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Bad Use of ‘Public Good’

Here’s a follow-up letter to Mark Wilson:

Mr. Wilson:

Thanks for your follow-up e-mail. Alas, I strongly disagree that “government provides a public good by utilizing tariffs to expand the market for US-made goods.”

You’re correct that the opening of foreign markets can enable some American producers to produce on larger scales. You’re correct also that the resulting greater profits would be a benefit to these American producers. Yet it doesn’t follow that government should intervene in order to enable firms to take advantage of larger economies of scale.

Before leaping to the conclusion that I’m mistaken, ponder this question: Should our government outlaw the sale of used cars? After all, people who buy used cars don’t buy new cars. The availability of used cars thus keeps the market for new American-made cars smaller than otherwise and, as a result, causes production runs at GM, Ford, and Chrysler to be smaller than otherwise. The availability of used cars therefore denies to American automakers the greater profits they might earn by producing at even larger economies of scale.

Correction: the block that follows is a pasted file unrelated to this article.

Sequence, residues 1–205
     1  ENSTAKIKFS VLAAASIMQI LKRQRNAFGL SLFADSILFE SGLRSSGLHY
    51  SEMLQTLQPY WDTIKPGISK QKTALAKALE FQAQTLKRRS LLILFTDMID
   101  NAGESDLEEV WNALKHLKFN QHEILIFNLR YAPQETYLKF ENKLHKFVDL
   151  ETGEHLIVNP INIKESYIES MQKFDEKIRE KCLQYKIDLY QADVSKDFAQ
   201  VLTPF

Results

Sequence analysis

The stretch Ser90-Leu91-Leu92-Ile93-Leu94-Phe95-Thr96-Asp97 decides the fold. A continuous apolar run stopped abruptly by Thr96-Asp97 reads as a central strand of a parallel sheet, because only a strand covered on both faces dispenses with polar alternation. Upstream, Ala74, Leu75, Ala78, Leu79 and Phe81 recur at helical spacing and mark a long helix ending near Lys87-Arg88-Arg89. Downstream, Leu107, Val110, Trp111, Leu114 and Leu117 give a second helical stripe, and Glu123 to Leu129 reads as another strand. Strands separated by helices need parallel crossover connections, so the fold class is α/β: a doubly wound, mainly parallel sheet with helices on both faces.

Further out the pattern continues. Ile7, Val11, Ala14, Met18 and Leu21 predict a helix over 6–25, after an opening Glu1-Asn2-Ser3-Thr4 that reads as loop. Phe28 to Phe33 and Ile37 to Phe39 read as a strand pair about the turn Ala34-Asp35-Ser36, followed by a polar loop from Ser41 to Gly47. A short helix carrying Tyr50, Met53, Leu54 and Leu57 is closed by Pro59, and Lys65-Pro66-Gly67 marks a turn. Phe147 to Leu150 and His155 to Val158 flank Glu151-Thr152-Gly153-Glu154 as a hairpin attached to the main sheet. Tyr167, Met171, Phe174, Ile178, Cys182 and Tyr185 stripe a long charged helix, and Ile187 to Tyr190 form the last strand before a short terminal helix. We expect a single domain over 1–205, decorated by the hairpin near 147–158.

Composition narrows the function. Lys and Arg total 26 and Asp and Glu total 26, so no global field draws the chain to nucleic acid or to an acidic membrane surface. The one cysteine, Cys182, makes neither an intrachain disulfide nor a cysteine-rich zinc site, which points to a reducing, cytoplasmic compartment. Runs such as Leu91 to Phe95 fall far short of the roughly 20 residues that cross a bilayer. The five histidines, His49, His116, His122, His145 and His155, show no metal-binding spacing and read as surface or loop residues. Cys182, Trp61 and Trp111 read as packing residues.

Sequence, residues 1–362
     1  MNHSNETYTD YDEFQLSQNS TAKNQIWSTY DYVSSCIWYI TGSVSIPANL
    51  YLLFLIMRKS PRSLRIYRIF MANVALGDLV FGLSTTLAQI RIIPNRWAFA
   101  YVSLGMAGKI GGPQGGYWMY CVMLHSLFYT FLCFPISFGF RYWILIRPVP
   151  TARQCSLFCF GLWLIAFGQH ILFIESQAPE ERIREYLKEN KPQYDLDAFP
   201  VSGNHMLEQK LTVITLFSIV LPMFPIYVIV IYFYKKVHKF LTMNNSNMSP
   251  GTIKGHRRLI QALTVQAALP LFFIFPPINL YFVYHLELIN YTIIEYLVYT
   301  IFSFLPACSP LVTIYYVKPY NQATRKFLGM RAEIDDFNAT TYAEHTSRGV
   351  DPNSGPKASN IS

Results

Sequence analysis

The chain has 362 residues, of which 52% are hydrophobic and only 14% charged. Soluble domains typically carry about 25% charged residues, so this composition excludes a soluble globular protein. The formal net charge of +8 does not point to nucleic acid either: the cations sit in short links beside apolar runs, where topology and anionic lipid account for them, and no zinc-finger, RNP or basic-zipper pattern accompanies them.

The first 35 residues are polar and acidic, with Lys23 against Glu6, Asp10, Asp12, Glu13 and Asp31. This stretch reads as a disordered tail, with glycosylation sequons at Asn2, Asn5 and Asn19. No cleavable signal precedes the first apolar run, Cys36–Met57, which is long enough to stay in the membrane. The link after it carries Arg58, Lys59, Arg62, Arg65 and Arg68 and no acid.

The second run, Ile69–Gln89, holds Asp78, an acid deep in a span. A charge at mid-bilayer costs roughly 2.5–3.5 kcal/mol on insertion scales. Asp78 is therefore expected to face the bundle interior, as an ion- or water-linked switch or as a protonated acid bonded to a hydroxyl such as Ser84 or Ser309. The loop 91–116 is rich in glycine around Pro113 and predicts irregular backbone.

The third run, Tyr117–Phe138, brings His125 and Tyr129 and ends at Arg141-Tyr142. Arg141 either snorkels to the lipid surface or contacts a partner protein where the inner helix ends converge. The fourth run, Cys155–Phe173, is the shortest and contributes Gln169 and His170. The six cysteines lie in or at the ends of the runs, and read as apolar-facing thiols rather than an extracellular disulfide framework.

Do you believe that our government fails to provide a “public good” by not “utilizing” its power to “expand the market” for U.S.-made automobiles by outlawing the sale of used cars?

I understand that a thriving used-car market differs economically and ethically from the interventions of foreign governments that obstruct their citizens’ freedom of commerce. But I submit not only that the principal victims of those foreign interventions are not Americans, but foreigners – and not only that unilaterally imposed tariffs have a poor track record of expanding global markets for U.S.-made goods – and not only that it’s unethical for our government to help some of us expand our access to buyers by harming others of us by shrinking our access to sellers – but also that your use here of the concept of a “public good” is evidence that this concept has in practice become little more than camouflage for government mischief.

Donald J. Boudreaux
Professor of Economics
Martha and Nelson Getchell Chair for the Study of Free Market Capitalism at the Mercatus Center
George Mason University
Fairfax, VA 22030